Last time it was Dave Swarbrick, now it's Joe O'Donnell and Shkayla. The article is from Coventry Telegraph.
Joe, his bow and electric shows; Yourmemories.
THE next few months will see a surge in activity for the highly acclaimed electric fiddle player Joe O'Donnell and his band 'Shkayla'.
They have a new album due out on May 1 called 'Into the Becoming' and they will also be playing a series of live dates across the region in both three and five musician formats.
Limerick born Joe's musical activities can be traced back as far as 1965 when he played guitar back in Ireland for a group called 'The Intentions' who would later become known as 'Granny's Intentions'. By 1967 he was with another Irish band called 'Sweet Street' with whom he stayed till 1969.
After studying music at The Royal Irish Academy in Dublin Joe then teamed up with 'The Woods Band' in London who featured Dubliners and founder members of Steeleye Span, Gay and Terry Woods. Joe had known Terry from when Terry had been a member of Irish band 'Sweeny's Men' circa 1968. Future 'Wings' guitarist Henry McCullough and Joe's brother Al had also been a member of Sweeny's Men at that time.
This period saw Joe work briefly with folk rock band 'Trees'. Although he did not feature on any albums he did tour and perform on BBC sessions with the band.
Then in 1973 he replaced Dave Arbus in progressive rock band 'East of Eden' and a period of touring Europe and recording ensued until the band finally split in 1978.
During his time with 'East of Eden' Joe found time to record an album in 1975 with progressive rock band 'Headstone'. That same year he was a guest on Henry Mc-Cullough's debut album 'Mind Your Own Business' which was released on George Harrison's Dark Horse label.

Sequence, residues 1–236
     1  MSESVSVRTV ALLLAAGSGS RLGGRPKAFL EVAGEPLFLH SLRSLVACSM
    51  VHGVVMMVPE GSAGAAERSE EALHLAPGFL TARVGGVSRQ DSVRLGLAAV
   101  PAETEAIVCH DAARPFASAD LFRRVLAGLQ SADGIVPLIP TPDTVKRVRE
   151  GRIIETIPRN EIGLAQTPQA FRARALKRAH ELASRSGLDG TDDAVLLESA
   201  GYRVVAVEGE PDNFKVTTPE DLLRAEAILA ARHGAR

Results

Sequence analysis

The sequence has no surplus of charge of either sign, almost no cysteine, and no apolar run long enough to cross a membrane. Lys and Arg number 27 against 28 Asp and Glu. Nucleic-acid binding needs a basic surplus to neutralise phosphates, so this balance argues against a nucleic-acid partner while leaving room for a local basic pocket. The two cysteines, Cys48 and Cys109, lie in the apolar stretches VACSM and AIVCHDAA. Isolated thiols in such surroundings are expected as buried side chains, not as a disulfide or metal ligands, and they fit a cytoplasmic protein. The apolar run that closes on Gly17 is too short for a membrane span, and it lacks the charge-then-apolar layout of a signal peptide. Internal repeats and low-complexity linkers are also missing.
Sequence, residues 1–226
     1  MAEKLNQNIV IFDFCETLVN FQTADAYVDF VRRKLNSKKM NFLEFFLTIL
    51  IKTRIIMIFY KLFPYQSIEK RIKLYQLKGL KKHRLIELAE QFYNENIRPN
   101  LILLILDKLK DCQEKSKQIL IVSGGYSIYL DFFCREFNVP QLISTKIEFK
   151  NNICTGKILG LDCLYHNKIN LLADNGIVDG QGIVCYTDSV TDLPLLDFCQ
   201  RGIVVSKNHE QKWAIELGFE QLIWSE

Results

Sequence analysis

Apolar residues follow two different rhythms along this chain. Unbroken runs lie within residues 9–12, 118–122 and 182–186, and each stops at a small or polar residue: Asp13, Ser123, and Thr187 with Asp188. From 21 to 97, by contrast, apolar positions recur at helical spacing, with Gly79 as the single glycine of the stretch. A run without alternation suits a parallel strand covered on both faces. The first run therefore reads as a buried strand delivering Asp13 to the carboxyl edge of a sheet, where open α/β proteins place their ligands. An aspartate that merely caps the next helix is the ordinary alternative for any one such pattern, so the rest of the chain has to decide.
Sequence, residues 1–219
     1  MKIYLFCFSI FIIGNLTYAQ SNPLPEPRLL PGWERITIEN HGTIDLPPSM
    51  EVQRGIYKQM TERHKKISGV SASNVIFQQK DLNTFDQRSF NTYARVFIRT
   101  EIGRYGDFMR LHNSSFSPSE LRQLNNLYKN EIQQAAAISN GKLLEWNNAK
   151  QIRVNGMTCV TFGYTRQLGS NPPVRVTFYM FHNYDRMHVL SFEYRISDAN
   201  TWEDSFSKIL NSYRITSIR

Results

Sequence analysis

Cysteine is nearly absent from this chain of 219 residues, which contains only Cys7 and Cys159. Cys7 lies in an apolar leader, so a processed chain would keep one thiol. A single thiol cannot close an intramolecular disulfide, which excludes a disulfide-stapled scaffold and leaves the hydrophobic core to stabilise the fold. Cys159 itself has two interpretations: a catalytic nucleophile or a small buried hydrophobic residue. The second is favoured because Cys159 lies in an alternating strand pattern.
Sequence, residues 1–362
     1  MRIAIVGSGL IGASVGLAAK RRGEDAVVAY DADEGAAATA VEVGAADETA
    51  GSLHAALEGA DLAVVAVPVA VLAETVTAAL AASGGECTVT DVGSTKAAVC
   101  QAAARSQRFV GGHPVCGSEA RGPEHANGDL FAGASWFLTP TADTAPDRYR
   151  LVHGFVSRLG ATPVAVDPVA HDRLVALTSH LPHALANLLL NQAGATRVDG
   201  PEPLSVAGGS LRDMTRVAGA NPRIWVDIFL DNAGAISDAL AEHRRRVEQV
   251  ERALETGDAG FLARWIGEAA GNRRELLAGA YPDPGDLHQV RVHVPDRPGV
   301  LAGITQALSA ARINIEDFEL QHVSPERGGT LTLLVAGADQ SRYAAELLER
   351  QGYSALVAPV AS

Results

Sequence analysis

After 'East of Eden' Joe was then instrumental, along with Bias Boshell and Barry Clarke in a reformation of 'Trees'. Again no studio recordings exist but plenty of live work followed.
During the 1980s Joe lived in Guernsey. During this period he remained incredibly active in the folk rock scene and appeared with various bands at festivals in Brittany and the Channel Islands. Joe settled in Coventry during the late 1990s and it did not take long before he began to leave his mark. 1998 saw the release of his album 'Shkayla' and then together with ex-'Dando Shaft' players and multi-instrumentalists Martin Jenkins, Ted Kay along with Martin's son Ray on guitar they formed the first live line-up of the band bearing the same name.
'Shkayla' quickly established themselves and 2001 saw them perform at the Godiva Festival and then both the Warwick and Brinklow folk festivals. These appearances were very highly acclaimed.
2002 saw Martin resume duties with an earlier band of his, 'The Vulcheva Jenkins Incident'. They had been lined up to play prestigious dates in Bulgaria. He would also perform duos with Ray Jenkins across the region. Meanwhile Joe O'Donnell and friends were holding court at the Pitts Head on Gosford Street, or Phat Larry's as it was known by then, in weekly music sessions.